Recommendation 3: We recommend that older adults living with frailty or pre-frailty perform physical activity [strong recommendation; moderate certainty of evidence]
We considered twenty-six studies (20 RCTs, three quasi-experimental trials, two prospective cohort studies, one prospective controlled clinical trial) with a total enrolment of 8022 participants for this recommendation (25, 29, 33-56). The studies included had several types of physical activity interventions, including aerobic activity, muscle strengthening, mobilization/rehabilitation, and multi-component physical activity. Moderate certainty evidence suggests that physical activity reduces older adults’ level of frailty (SMD: -1.29, 95% CI: -2.22 to -0.36; 4 studies: n=244) (19). This finding is strengthened by additional moderate certainty evidence suggesting that physical activity reverses frailty (RR: 0.58, 95% CI: 0.36 to 0.93; 4 studies: n=2050).
Moderate certainty evidence also suggests that physical activity improves mobility (SMD: 0.60, 95% CI: 0.37 to 0.83; 19 studies: n=1724), activities of daily living (SMD: 0.50, 95% CI: 0.15 to 0.84; 9 studies: n=910), and quality of life (SMD 0.60, 95% CI: 0.13 to 1.07; 6 studies: n=500) of older adults living with frailty or pre-frailty (19). Additionally, moderate certainty evidence suggests that physical activity has a small effect on cognitive functions (SMD: 0.35, 95% CI: 0.09 to -0.61; 5 studies: n=377).
Low certainty evidence suggests that physical activity makes little to no difference in the fatigue level experienced by older adults living with frailty or pre-frailty (SMD: -0.27, 95% CI: -0.65 to 0.12). Very low certainty evidence suggests there is no effect of physical activity on older adults’ risks of falling (RR: 0.80, 95% CI: 0.51 to 1.26; 7 studies: n=724). Potential harms of physical activities were included in 12 of the 26 included studies. None of the harms were serious or significantly different compared with the control group.
It is uncertain whether one type of physical activity is superior to others for improving clinical, self-reported, or health services use outcomes because the relative effectiveness of the different types of physical activity was not evaluated.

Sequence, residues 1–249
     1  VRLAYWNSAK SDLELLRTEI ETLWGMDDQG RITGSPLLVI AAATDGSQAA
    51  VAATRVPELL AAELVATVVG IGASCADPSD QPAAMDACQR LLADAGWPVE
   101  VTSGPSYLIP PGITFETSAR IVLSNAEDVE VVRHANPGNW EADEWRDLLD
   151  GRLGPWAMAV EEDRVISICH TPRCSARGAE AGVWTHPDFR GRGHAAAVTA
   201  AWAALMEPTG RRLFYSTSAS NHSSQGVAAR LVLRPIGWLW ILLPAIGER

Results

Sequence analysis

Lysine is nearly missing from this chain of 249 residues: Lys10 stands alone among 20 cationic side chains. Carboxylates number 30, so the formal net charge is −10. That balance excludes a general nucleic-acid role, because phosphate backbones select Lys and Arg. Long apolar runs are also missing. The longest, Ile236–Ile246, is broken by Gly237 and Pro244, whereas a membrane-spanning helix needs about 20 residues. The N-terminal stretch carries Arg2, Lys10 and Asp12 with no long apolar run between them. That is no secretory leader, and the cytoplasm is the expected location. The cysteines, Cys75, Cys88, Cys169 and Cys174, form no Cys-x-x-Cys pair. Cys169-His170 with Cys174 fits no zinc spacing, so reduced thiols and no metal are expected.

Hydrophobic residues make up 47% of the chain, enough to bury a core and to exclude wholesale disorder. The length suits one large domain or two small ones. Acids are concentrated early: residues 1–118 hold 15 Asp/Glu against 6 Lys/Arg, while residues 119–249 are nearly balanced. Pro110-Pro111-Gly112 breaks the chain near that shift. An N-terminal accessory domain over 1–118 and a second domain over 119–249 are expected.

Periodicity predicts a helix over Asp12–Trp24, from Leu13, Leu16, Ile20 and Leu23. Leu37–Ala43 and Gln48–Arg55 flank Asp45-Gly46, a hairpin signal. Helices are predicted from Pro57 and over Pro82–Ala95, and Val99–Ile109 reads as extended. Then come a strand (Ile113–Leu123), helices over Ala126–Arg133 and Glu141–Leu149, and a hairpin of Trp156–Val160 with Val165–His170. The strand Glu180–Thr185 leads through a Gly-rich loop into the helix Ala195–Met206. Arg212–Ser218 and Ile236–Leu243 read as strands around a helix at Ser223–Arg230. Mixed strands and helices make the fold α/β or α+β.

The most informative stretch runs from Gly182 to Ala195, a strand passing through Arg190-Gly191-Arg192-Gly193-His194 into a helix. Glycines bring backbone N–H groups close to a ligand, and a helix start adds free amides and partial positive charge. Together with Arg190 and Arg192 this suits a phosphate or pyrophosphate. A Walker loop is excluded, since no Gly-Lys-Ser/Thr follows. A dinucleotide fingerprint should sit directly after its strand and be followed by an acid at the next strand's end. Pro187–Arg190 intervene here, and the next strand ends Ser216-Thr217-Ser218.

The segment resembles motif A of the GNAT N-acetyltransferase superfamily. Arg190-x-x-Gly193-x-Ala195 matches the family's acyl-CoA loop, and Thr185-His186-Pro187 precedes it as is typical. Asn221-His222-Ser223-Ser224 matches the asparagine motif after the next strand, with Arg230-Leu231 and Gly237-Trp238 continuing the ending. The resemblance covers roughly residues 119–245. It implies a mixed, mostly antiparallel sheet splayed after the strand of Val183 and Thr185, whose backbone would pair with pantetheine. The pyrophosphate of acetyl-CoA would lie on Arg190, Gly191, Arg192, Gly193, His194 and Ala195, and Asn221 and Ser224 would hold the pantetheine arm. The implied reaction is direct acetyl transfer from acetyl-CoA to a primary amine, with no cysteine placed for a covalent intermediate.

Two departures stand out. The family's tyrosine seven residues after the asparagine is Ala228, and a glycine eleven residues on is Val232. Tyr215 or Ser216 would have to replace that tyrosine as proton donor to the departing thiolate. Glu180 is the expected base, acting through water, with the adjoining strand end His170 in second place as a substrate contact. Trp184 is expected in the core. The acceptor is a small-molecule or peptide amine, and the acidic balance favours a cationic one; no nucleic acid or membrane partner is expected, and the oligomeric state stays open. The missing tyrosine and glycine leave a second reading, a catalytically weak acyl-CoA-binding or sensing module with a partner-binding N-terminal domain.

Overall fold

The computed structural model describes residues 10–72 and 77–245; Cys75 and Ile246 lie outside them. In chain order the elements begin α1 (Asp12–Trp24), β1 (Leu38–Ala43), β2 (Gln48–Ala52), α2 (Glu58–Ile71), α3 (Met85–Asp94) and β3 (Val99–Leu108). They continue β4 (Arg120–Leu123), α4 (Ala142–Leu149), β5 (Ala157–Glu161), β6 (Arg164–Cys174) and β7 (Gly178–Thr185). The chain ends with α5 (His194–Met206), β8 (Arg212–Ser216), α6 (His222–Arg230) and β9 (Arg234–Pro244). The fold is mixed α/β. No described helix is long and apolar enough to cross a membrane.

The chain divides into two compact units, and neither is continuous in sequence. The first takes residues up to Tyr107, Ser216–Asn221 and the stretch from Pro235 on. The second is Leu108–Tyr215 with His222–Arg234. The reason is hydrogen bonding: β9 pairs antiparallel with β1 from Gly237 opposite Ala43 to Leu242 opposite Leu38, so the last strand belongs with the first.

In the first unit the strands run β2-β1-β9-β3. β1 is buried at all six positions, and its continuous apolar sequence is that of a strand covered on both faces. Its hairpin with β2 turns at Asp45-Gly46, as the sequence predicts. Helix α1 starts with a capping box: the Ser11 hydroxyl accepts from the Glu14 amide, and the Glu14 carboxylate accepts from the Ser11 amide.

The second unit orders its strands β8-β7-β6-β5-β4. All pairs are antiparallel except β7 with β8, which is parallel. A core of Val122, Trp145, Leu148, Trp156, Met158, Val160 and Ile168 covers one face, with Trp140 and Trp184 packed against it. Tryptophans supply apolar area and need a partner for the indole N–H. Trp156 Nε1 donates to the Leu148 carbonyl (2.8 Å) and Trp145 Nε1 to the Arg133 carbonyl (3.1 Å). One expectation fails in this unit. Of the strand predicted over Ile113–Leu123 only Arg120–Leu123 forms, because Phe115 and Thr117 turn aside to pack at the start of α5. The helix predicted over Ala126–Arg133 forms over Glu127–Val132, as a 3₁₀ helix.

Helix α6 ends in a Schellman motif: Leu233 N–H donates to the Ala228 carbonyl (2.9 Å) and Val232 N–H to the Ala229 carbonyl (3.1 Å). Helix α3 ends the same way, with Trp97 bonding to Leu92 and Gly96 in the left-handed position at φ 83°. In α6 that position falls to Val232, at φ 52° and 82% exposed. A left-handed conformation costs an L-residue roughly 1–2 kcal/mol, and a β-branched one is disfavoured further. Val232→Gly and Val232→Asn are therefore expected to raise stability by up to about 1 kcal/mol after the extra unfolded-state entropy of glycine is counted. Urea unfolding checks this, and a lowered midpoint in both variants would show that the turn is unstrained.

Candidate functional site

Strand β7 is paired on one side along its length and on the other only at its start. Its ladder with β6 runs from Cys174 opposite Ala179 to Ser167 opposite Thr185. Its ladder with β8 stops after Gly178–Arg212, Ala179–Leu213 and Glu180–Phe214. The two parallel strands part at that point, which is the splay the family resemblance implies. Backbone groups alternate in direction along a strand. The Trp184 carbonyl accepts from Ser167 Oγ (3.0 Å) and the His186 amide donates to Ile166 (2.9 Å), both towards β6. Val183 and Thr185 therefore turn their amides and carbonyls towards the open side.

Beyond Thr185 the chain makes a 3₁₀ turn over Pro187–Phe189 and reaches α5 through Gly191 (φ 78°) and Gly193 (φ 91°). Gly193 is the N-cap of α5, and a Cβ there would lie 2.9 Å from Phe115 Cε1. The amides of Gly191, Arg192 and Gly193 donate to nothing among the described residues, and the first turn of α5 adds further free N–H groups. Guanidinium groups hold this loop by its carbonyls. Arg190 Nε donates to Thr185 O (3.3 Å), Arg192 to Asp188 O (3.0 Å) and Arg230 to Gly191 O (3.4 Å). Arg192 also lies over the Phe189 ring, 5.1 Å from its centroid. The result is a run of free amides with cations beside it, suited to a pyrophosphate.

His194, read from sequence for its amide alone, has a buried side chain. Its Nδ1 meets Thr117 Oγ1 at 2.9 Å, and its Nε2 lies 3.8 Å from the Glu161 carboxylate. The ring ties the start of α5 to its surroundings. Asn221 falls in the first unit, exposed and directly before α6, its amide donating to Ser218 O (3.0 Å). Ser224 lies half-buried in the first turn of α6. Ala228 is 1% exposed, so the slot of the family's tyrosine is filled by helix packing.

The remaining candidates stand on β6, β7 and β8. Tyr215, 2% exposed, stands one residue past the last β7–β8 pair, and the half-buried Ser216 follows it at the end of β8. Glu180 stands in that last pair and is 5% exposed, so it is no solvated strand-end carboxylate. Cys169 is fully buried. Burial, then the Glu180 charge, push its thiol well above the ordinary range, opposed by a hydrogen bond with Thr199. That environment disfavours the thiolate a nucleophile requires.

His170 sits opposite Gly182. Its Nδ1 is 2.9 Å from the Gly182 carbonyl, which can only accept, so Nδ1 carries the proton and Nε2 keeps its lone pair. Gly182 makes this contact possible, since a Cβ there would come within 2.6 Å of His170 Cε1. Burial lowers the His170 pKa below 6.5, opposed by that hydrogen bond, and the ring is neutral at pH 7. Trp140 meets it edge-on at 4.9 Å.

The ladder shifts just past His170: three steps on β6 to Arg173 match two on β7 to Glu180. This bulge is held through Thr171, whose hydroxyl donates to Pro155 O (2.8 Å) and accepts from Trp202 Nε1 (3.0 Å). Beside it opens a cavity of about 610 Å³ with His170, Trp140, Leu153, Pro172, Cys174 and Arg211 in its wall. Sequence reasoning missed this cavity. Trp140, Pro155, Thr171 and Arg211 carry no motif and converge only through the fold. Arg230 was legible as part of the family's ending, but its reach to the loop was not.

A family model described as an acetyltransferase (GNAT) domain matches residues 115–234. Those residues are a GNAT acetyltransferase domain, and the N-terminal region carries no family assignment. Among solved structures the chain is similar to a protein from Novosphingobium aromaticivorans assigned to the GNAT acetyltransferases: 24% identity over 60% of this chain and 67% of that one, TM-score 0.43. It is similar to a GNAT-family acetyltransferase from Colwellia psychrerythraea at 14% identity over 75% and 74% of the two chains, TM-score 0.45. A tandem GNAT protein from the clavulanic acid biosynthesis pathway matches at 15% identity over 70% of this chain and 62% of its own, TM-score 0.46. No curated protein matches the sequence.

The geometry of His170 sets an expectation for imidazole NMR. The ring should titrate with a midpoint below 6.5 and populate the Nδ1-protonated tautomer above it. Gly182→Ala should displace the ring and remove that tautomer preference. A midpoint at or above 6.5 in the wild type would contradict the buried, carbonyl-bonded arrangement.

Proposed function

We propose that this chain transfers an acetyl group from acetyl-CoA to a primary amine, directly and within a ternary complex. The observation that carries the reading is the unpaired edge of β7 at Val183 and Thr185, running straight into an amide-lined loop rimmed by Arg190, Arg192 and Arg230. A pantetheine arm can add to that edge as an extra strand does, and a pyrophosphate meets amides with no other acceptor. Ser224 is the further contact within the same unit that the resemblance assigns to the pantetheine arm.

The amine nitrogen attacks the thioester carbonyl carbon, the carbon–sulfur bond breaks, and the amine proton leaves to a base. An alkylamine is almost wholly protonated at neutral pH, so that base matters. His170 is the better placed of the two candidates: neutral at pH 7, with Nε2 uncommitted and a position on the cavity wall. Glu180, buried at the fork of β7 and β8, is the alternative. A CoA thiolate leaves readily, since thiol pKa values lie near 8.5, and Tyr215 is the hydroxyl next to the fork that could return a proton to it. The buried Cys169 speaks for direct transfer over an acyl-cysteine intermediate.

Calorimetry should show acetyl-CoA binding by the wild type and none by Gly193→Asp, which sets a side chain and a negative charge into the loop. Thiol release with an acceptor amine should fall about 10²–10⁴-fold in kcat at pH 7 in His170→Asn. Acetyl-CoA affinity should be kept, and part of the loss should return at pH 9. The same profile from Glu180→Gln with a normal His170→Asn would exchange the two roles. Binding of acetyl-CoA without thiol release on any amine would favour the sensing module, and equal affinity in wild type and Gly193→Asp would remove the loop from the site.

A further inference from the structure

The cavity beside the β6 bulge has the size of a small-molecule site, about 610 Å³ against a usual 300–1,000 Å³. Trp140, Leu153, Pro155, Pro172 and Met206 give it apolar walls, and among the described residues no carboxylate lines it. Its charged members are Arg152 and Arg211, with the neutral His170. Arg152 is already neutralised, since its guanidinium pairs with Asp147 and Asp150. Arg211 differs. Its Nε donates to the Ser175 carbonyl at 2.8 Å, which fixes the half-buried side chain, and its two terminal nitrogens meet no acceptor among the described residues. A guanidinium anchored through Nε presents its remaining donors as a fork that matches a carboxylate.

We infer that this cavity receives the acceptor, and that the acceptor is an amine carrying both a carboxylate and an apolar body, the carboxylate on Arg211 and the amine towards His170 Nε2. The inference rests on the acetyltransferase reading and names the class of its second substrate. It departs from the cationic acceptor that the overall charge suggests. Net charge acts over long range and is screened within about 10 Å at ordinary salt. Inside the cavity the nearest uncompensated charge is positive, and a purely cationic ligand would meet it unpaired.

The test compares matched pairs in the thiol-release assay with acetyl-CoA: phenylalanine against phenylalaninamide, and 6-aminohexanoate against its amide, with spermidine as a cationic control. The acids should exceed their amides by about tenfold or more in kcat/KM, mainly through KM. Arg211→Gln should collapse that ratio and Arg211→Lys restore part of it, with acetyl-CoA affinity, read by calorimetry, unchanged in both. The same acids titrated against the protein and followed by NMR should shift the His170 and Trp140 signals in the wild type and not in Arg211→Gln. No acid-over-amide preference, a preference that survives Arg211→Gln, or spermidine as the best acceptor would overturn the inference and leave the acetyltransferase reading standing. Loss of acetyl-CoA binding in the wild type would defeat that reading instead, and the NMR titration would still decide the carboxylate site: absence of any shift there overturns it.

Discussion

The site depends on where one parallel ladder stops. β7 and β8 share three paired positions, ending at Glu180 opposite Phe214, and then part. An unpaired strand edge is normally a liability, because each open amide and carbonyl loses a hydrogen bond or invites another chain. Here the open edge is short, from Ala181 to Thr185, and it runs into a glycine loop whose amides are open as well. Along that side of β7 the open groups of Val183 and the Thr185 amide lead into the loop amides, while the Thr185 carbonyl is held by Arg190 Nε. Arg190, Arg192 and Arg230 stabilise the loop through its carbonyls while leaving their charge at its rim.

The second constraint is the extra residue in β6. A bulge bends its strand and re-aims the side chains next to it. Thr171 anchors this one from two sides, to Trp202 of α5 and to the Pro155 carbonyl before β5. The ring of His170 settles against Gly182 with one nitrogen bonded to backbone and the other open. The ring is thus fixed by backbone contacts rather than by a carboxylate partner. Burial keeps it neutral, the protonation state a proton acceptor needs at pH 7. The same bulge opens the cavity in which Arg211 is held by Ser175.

Recommendation 4: We recommend that older adults living with frailty or pre-frailty perform muscle strengthening activities [strong recommendation; moderate certainty of evidence]
We considered eight studies comprising a total of 1058 individuals (33, 36, 39, 40, 44, 46, 50, 52). Five of these studies were RCTs and three were quasi-experimental trials. Moderate certainty evidence suggests that muscle strengthening improves mobility (SMD: 0.57, 95% CI: 0.08 to 1.06; 6 studies: n=722) and reverses frailty severity (RR: 0.21, 95% CI: 0.10 to 0.43; 1 study: n=66) (19). However, very low certainty evidence reported no effect of muscle strengthening on frailty severity in older adults (SMD: -0.20, 95% CI: -0.79 to 0.39; 1 study: n=45). Low certainty evidence suggests that muscle strengthening activities may make little or no difference to activities of daily living (SMD: 0.16, 95% CI: -0.05 to 0.37; 2 studies: n=278). There is very low certainty evidence on the effects of muscle strengthening activities on cognitive function (SMD: 0.45, 95% CI: 0.19 to 0.72; 1 study: n=45), quality of life (SMD: 0.15, 95% CI: -0.33 to 0.63; 1 study: n=70), or risks of falling (RR: 0.78, 95% CI: 0.37 to 1.65; 2 studies: n=442) (19). We did not find any evidence on the effectiveness of muscle strengthening activities on fatigue level and hospital service use.
The findings demonstrate that some elements of mobility would be improved by muscle strengthening. Yet, most studies reported non-significant improvements in comprehensive scores of mobility, such as the short physical performance battery.
Five studies did not report adverse effects of muscle strengthening. Of the four that studied adverse effects, a single study (36) reported falls and admissions to the hospital or care homes with no significant difference between the intervention and the control groups.
Recommendation 5: We recommend that older adults living with frailty or pre-frailty perform mobilization or rehabilitation exercises [strong recommendation; moderate certainty of evidence]